East Bergholt: Constable painting The Lock sells for �22million at Christie’s

AS areas of countryside made famous by John Constable face being blighted by pylons, one of his paintings sold for more than �22million last night - a world record price at auction for the artist.

The Lock, finished in 1824 which depicts countryside near East Bergholt, is the fifth in a celebrated series of six large-scale paintings of the Stour Valley that Constable exhibited between 1819 and 1825.

The painting, remarkable for its excellent state of preservation and from the collection of Baroness Carmen Thyssen-Bornemisza, sold at Christie’s in London for �22,441,250. It had earlier been predicted to fetch up to �25m.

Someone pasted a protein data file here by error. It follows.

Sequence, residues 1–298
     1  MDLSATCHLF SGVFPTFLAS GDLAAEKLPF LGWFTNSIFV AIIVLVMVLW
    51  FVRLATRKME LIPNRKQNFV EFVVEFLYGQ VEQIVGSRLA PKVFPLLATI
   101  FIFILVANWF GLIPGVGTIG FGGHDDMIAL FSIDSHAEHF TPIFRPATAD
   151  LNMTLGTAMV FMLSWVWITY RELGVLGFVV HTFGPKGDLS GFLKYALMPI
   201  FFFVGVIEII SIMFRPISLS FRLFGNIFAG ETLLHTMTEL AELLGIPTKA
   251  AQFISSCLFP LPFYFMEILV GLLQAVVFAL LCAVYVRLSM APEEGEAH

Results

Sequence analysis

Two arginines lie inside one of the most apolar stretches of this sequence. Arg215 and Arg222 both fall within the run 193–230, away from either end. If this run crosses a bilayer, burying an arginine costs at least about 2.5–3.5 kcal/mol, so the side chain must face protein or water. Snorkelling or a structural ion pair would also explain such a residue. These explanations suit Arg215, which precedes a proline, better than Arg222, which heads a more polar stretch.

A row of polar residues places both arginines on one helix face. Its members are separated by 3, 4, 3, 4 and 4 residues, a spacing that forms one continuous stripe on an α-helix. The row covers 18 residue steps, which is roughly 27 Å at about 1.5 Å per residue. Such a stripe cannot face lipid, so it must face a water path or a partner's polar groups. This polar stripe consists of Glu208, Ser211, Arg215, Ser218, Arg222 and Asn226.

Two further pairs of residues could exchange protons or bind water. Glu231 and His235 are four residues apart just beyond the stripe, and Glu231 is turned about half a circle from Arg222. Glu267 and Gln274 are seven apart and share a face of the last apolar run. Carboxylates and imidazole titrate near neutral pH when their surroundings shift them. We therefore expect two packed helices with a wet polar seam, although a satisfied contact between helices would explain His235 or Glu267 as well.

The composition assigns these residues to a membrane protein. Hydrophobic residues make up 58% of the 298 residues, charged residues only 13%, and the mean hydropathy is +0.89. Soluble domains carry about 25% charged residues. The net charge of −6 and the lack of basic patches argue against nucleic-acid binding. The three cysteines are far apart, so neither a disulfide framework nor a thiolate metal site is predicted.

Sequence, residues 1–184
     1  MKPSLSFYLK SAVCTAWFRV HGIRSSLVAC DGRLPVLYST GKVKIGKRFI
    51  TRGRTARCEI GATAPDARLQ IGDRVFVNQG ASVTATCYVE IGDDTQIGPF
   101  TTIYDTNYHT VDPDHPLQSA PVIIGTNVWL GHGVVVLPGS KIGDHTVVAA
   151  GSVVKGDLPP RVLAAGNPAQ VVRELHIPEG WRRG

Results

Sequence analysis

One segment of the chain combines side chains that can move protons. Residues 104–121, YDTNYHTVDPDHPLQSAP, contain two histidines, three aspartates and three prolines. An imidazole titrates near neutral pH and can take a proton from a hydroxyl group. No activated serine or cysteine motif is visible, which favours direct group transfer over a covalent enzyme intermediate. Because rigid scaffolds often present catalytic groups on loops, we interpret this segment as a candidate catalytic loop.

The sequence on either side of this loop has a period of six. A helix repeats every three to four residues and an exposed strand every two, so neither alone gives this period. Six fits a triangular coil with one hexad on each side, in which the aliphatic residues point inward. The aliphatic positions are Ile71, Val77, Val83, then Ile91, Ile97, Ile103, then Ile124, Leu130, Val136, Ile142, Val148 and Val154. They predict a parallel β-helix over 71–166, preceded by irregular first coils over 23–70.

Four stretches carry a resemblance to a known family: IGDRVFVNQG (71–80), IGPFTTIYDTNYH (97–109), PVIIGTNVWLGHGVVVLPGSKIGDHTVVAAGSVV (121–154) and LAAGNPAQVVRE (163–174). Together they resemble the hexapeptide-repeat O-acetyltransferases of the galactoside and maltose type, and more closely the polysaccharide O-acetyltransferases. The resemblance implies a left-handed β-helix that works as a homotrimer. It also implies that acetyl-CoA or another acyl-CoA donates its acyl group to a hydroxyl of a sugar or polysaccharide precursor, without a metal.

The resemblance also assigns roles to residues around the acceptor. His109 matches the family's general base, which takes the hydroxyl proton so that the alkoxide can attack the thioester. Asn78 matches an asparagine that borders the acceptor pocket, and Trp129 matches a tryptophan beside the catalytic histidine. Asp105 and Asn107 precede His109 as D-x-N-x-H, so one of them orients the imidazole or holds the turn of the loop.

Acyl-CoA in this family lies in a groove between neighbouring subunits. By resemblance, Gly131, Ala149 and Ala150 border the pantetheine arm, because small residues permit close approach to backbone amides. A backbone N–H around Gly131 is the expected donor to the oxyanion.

The piece depicts a man operating a wooden canal lock gate in preparation for a boat to pass through, with a rural church visible in the distance.

The oil painting comes from the same series of six larger works that make up The Stour Series, and include Constable’s most famous picture, The Hay Wain, which is now housed in the National Gallery in London. The half-a-dozen paintings are said to “represent a distillation of his profound emotional and artistic response to the scenery of his native Suffolk”.


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The Lock has been sold only once since it was acquired by 19th century collector James Morrison at the Royal

Academy’s summer exhibition in the year it was completed. The Lock remained in the possession of his descendants until acquired by the current owner in 1990.

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